“…the first word that comes to mind is 'care'. Though I don't think that really covers it all. Maybe a sense of deep care (because that's really different). The willingness to sacrifice for someone else and the will/want to put someone else's needs before your own. I would say there is also a safety and comfort in your connection.”
“Love... a deep level of selfless affection? Gosh, I'm not sure.”
“Love is a choice. Yes, it is a feeling, but to choose to love is more important than to feel love. Pursuit of the feeling is, at its root, self-serving; while choosing to treat someone with love is completely unselfish… Love the action is so much more challenging than love the feeling - that thing that just happens to us - but in the end, actively living with love is the only real love there is.”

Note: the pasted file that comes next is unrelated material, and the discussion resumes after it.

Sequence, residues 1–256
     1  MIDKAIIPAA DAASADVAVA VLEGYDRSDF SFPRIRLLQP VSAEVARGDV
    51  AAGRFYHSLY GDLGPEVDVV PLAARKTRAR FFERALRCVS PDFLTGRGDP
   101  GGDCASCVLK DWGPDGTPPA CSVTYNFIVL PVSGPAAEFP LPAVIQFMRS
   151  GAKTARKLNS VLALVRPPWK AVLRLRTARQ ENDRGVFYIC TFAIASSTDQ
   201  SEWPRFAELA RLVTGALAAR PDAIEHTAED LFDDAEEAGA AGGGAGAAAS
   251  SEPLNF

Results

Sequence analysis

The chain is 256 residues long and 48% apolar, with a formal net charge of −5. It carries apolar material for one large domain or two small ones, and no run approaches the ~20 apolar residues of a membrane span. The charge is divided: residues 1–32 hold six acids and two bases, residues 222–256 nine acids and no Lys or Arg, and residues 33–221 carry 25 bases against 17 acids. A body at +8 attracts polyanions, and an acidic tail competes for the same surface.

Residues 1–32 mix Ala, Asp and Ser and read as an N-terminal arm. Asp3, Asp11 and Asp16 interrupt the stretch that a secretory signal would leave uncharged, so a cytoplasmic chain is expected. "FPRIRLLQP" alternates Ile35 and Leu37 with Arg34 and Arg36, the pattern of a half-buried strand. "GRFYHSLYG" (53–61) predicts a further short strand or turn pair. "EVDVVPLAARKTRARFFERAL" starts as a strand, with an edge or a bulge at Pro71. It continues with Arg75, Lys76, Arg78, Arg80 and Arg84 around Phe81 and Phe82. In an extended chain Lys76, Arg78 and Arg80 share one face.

“Love is having unconditional respect, care, passion and acceptance for a person despite his/her flaws, imperfections and genuine weirdness.”
“Acceptance, warmth, security, comfort, trust, strength in an ability to care even when it's hard and even when there's anger… a feeling of connection and belonging when with someone.”
“Love means family...and friends that become your family, too. Like a family, love can be comforting. You don't always choose it, but it pulls you out of the worst times and lifts you up even higher in the best times. I also think that real love never completely leaves you. Even if it changes or you lose it, it changes you forever…”
“Love means respect.”